The ACL is best visualized on sagittal images, but is also seen in coronal and axial
planes.
The normal ACL is represented as one or more bands of low signal intensity, and the
separate bundles can be distinguished near the point of insertion due to interposition of
fat between them.        It may have variable thickness but is usually about 3 to 4mm.
Therefore the normal ACL is depicted in one sagittal image. Primary signs of an ACL
tear depend on the time elapsed since the injury. Changes in morphology as well as
signal intensity determine whether it is intact.        In a complete tear of the ACL
discontinuity of fibers and increased signal intensity on short and long TE is present.
Partial or incomplete disruptions may be associated with attenuation of some fascicles,
which may appear indistinct due to adjacent oedema and haemorrhage.               Secondary




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MRI Clinical Applications II                                                Joseph Castillo


signs include bunched up PCL, a wavy patella ligament, and anterior translation of the
femur on the tibial condyles although none of these are specific (Irizarry & Recht, 1997).
However absence of ACL in the sagittal and coronal plane is diagnostic for ACL tear and
the accuracy is in excess of 95%. Bone bruising involving the posterolateral tibial
plateau (segond fracture) and lateral femoral condyle has been shown to be a relatively
specific sign of an acute complete ACL tear (ibid).



Image Optimization in MRI of the Knee


MRI of the knee is one of the most frequently requested exams in musculoskeletal
imaging. This is because of its inherent accuracy in depicting internal derangements
and allowing the orthopaedic surgeons to use this study as a road map for therapeutic
arthroscopy. Because of the various pathology, mainly due to trauma and osteoarthritic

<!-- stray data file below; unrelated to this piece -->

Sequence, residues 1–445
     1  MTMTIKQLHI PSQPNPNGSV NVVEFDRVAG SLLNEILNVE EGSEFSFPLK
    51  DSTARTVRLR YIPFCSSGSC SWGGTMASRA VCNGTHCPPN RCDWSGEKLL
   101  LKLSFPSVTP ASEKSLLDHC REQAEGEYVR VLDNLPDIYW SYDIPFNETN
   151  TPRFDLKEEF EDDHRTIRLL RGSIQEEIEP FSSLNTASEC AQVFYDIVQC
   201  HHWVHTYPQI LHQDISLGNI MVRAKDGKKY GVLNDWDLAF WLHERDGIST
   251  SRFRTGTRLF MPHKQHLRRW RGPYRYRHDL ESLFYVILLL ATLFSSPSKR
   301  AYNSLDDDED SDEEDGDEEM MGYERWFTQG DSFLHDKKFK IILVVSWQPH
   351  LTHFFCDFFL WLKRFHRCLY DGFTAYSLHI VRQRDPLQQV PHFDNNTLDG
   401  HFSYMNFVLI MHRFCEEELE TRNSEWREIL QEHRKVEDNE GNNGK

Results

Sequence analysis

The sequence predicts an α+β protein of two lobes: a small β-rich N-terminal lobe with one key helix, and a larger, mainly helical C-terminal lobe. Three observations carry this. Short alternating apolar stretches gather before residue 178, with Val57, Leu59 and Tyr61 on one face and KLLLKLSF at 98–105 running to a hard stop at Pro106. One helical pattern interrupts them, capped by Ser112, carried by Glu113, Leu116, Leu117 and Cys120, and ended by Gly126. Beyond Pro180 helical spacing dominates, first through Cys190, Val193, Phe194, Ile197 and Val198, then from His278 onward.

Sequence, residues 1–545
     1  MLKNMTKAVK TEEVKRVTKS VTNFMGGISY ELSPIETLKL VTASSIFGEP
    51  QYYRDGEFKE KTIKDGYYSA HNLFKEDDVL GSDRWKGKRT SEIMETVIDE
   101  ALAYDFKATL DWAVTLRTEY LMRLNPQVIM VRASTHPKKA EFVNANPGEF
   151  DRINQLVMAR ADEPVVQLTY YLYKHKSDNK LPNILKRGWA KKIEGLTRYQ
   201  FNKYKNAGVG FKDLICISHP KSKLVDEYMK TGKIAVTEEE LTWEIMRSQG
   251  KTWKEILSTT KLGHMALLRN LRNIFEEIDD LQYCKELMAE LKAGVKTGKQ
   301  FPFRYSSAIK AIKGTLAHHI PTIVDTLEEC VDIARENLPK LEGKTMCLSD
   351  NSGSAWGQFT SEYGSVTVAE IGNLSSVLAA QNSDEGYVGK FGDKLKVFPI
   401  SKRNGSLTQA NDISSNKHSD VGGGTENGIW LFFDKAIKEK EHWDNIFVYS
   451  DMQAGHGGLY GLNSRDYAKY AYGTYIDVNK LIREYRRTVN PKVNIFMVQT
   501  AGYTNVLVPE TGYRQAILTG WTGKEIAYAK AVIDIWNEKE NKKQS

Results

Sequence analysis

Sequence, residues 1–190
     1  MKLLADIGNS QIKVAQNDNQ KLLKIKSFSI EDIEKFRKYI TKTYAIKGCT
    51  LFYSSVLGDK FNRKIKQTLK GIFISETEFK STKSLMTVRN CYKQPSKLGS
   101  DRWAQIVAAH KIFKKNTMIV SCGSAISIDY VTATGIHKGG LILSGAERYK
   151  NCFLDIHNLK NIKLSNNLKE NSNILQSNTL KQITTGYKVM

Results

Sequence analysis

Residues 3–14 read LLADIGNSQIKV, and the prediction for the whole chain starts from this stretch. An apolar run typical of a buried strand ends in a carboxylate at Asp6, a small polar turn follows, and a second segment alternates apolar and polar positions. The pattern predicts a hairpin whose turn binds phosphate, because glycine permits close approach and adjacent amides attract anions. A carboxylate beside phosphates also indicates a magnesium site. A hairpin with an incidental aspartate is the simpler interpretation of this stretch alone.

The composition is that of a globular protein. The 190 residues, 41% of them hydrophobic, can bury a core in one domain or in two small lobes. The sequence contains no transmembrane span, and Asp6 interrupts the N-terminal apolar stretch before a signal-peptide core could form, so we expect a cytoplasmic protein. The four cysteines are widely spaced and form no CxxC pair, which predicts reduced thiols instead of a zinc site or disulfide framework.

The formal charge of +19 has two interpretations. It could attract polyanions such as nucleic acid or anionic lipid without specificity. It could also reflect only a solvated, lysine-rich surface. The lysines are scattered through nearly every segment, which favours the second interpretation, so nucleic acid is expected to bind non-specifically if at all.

degeneration, the most important consideration is a proper protocol. Proton Density
with or without fat suppression, T1-weighted SE, T2-weighted FSE, STIR and Gradient
echo pulse sequences are most commonly used in investigating the various structures
forming the knee joint and as such there is no standard protocol. Various sites use
different sequences but the choice of slice thickness, field of view, coil, and imaging
matrix play an important role in determining spatial resolution(Irizarry & Recht, 1997;
Rubin, 1997; Kaplan et al., 2001). Attention must be given to these technical details as
improved spatial resolution provides the radiologist with data to present interpretation
with confidence.


To date, using super conductive units, the study of the knee joint requires a dedicated
extremity coil, which is often transmit receive coils ensuring optimum and uniform signal
coverage. Most MR system manufacturers now offer dedicated knee coils as standard.
These coils use a cylindrical configuration, similar to the head coil, to provide a
homogenous imaging volume, and a quadrature design that provide improved signal to
noise ratio. Flexible surface coils are used as an alternative when the knee joint is too
large to fit in the rigid knee coil or when the patient is unable to extend the knee, usually